Increasing federal minimum wage is not the right answer


Courtesy of Paul Sableman

CONTROVERSIAL: Biden’s legislative agenda has sparked a heated debate over minimum wage.

Matthew Dimaandal, Photo Editor

President Joe Biden proposed raising the federal minimum wage from $7.25 to $15 through a series of bills in both the House and the Senate, causing members of Congress to be locked in a fierce debate. Bills like the American Rescue Plan, which aims to provide a stimulus relief package and help the vaccination effort, were tagging along a federal minimum wage increase in an already controversial bill. The Senate Parliamentarian ruled against the addition of the increase in the federal minimum wage on Feb. 25, and it may be more beneficial than it seems. While the intended purpose of the increase of the federal minimum wage is to help Americans through a troubling time, the increase may hurt students more than it helps.

The federal minimum wage started with the Fair Labor Standards Act in 1938, establishing a wage of 25 cents per hour in an effort to protect workers against unfair business practices and to ensure the well-being of employees. Ever since then, it has been increasing until July 24, 2009 when it reached $7.25. While there hasn’t been a federal increase since then, states have taken up their own efforts to increase the minimum wage in their own state. Currently there are 21 states, including California, that have their state minimum wage higher than the federal minimum wage, based on either the cost of living within the state or legislation passed in state governments. However, states that have increased their wages shed insight on how a substantial increase in the minimum wage can harm students.

If the federal minimum wage were to increase, it would result in fewer jobs for students. The U.S. Bureau of Labor Statistics found in 2018 that almost half of minimum wage workers tend to be younger than 25 years old. As the majority of high school and college students fit this age range, a minimum wage increase would affect students the most. According to a 2019 report by the Congressional Budget Office, a nonpartisan analysis for Congress, “for most low-wage workers, earnings and family income would increase, which would lift some families out of poverty. But other low-wage workers would become jobless, and their family income would fall—in some cases, below the poverty threshold.”

As the COVID-19 pandemic continues, jobs are becoming more difficult to get due to the hardships businesses face. The increase in the minimum wage may potentially lead to even more jobs being lost due to businesses unable to pay their workers. If the minimum wage were to increase, prices would become more inflated in stores. In order for these stores to stay competitive, they would have to raise prices and may resort to laying off their employees to stay afloat. This will directly affect students as these inflated prices would affect businesses that pay employees a minimum wage such as grocery stores, retail and fast food workers.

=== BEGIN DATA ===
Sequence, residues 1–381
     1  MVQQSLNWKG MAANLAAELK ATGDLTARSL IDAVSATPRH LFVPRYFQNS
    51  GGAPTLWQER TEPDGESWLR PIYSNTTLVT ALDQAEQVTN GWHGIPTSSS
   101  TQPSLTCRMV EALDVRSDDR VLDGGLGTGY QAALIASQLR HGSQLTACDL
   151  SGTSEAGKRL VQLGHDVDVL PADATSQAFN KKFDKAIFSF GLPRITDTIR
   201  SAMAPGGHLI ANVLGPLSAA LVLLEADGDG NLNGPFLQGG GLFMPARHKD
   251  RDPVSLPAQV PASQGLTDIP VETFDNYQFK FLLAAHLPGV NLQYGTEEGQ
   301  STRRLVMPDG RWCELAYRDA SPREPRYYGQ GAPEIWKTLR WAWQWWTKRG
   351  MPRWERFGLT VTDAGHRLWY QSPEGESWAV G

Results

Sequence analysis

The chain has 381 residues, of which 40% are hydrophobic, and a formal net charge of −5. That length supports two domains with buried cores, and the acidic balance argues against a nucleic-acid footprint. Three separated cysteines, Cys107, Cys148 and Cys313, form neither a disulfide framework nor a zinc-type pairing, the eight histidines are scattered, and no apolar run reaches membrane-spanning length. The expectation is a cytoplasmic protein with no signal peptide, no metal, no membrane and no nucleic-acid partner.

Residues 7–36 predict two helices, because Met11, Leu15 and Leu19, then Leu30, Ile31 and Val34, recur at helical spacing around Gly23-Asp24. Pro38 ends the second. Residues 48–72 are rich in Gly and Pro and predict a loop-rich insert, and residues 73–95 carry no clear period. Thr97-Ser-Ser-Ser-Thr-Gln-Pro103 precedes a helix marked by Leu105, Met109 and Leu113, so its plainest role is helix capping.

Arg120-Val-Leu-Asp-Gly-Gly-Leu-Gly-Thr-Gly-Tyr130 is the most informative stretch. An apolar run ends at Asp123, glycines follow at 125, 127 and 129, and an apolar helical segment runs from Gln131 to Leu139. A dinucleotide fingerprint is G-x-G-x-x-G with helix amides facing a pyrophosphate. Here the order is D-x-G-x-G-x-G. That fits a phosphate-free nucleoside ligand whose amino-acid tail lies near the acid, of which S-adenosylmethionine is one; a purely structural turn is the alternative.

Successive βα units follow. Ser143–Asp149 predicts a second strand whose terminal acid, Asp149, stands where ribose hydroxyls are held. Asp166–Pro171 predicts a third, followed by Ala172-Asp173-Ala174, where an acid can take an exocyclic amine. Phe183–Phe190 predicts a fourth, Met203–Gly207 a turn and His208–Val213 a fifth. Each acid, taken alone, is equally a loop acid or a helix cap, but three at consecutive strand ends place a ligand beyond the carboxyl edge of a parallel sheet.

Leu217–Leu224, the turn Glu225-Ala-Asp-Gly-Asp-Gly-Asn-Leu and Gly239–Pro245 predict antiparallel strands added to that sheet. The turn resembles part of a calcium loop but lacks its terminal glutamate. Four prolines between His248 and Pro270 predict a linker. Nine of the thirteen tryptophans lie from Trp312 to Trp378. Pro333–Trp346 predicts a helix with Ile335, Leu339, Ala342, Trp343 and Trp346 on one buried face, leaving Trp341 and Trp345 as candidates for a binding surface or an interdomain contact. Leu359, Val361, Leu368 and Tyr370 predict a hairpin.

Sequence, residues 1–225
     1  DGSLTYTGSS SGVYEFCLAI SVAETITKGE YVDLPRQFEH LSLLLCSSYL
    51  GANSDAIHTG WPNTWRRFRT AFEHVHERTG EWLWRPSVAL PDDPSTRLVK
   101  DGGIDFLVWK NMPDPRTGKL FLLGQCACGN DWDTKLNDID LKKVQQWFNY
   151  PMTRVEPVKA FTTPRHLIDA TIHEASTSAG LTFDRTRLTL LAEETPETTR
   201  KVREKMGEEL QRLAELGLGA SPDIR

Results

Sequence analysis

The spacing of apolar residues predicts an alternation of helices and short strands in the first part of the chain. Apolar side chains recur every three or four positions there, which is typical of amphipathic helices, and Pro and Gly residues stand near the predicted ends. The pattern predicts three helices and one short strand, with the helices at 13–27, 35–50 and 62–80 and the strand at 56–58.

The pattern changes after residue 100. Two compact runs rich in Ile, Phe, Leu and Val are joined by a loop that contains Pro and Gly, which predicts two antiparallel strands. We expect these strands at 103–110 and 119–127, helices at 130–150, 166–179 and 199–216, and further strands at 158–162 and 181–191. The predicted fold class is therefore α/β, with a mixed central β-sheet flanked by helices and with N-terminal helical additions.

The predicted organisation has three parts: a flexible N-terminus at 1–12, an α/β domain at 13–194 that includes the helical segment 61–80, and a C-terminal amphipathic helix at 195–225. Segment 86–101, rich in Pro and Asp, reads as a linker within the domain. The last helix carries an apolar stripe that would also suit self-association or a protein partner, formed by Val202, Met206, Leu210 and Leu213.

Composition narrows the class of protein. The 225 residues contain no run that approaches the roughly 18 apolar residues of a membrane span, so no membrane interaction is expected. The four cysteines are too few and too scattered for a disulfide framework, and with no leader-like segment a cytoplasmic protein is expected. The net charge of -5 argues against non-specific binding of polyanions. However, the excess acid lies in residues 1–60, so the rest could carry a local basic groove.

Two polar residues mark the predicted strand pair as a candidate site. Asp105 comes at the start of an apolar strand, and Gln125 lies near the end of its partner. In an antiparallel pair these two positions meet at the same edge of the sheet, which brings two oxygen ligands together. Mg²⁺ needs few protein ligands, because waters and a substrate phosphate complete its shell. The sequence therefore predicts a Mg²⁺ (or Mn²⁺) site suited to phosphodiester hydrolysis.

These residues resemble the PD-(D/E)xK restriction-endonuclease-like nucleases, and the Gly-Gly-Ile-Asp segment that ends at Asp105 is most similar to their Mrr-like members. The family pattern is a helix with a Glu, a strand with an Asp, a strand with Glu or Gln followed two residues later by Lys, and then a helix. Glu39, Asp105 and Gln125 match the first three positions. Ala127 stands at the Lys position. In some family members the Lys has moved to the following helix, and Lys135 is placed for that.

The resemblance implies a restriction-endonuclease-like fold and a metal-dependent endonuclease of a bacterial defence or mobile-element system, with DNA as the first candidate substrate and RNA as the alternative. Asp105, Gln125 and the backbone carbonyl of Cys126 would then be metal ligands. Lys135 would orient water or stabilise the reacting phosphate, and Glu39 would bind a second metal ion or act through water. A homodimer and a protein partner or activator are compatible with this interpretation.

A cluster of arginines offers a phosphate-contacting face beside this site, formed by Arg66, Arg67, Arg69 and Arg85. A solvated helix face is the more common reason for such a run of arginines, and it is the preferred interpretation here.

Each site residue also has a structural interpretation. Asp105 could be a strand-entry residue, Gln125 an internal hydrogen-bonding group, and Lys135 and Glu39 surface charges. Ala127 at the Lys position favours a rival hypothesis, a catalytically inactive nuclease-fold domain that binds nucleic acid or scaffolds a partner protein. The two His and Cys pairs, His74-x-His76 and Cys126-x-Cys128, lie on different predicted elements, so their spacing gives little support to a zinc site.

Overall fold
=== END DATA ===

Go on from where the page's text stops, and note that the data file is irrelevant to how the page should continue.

Raising the federal minimum wage can even affect the cost of housing for students. In an article by Atsushi Yamagishi about the 2007 minimum wage law in Japan, he found that “in the low-quality rental housing market, 10% minimum wage increase induces 2.5%-4.5% increase in rents. It implies that workers benefit from the minimum wage increases, but it also unintentionally benefits homeowners.” A majority of public university students live off-campus, either in a house or apartment outside of the university. According to the National Low Income Housing Coalition, students would need to earn a salary of $26.65 in California in order to afford a two-bedroom apartment. Although realistically students would not live alone in a two bedroom apartment and would usually live in cramped small apartments with multiple people, the cost for these apartments would still rise due to the minimum wage increasing. Students would usually rent out apartments and would be under the control of landlords of how much they would have to pay towards rent. If the federal minimum wage were to increase, it would cause students having to pay more for housing. This would directly affect a student’s budget on the necessities they need to buy like food, tuition and other necessities in order to compensate for a higher housing rent. For students to balance between paying for housing and other necessities, it would lead to students struggling to pay rent in order to afford other essentials.

Raising the federal minimum wage does have its benefits such as increasing student salaries so that they can pay for housing, food and other necessities. However, it can lead to prices for necessities to increase which can make life harder for students. Keep in mind both the pros and cons of what leaders are supporting in Congress. While many students will be able to vote for the first time in their life in the near future, it is important to keep in mind how bills like raising the minimum wage can have an affect on students. Raising the minimum wage could potentially put a student’s education, job and families at risk.